WSU Extension

Hortsense

Caption: Poplar leaf and shoot blight
Photo by: R.S. Byther
  
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Poplar : Leaf and shoot blight
(revision date: 4/11/2018)


Biology
Leaf and shoot blight is a fungal disease which affects poplars, aspens, and willows. The fungus infects succulent leaves and twigs. Mature plant tissues are resistant. Initial symptoms include the development of rapidly expanding dark brown or black spots on the leaves and shoots. Affected leaves and shoots are killed quickly, with the tissues turning dry and brittle. Killed shoots often tip over in a blackened "shepherd's crook". The fungi infecting poplars and aspens overwinter in infected shoots, but probably not in leaves. The disease can be spread by splashing water from the previous year's infected shoots to new growth.
Management Options

Non-Chemical Management
  • Space trees and prune to reduce humidity in the planting.
  • Provide proper culture. Healthy, established trees are less severely affected by disease.
  • Prune out and destroy infected plant parts when noticed (if practical).
  • Rake and destroy infected leaves as a precautionary measure.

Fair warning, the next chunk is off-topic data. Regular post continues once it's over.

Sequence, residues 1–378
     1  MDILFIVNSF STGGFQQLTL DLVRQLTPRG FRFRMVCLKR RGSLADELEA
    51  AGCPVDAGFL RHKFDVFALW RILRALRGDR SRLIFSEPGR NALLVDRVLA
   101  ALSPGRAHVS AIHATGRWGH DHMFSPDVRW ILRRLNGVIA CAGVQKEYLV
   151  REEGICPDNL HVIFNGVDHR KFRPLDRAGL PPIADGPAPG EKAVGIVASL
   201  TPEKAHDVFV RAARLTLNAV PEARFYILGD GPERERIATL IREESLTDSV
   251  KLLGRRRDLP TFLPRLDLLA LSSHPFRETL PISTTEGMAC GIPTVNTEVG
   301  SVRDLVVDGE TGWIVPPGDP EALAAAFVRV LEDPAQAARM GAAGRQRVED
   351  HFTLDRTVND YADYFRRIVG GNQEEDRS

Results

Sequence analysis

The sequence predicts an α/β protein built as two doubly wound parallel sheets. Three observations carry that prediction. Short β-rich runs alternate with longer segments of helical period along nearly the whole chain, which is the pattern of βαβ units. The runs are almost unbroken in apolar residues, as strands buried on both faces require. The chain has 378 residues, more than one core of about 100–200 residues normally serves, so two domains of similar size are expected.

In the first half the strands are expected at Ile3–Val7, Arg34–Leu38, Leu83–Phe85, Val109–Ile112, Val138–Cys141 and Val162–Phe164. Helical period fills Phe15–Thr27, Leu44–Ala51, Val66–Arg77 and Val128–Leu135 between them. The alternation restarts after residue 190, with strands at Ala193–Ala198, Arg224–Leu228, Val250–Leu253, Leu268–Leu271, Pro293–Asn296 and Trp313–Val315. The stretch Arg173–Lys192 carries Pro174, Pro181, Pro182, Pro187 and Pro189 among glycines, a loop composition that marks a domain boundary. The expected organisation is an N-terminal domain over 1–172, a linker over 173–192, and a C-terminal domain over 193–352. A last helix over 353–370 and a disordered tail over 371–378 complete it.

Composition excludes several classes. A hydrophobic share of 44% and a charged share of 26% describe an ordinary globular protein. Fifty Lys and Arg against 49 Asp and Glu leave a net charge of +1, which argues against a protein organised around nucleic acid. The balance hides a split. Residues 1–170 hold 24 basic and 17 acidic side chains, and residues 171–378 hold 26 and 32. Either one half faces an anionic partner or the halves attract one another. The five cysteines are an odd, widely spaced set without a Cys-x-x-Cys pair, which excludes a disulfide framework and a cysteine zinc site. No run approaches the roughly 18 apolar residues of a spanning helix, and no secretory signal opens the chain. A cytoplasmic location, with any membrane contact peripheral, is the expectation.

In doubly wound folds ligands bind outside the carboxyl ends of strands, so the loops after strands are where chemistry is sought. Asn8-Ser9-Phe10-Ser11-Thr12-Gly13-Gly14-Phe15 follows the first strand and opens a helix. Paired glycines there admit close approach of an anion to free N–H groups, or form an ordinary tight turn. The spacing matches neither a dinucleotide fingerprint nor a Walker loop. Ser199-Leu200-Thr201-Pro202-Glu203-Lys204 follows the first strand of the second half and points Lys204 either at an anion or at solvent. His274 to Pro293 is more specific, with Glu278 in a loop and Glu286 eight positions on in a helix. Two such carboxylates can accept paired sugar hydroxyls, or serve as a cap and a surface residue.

• Avoid overhead irrigation.
Select non-chemical management options as your first choice!

Chemical Management


Make applications during early shoot growth in spring. Homeowners should not make foliar applications to trees over 10 ft tall. Consult a commercial pesticide applicator for treatment of trees and shrubs over 10 ft. tall.

Listed below are examples of pesticides that are legal in Washington. Always read and follow all label directions.
  • Bonide Infuse Systemic Disease Control
    Active ingredient: propiconazole  |  EPA reg no: 100-773-4
  • This list may not include all products registered for this use.
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Caption: Poplar leaf and shoot blight
Photo by: R.S. Byther
Caption: Poplar leaf and shoot blight
Photo by: G.A. Chastagner
Caption: Poplar leaf and shoot blight
Photo by: R.S. Byther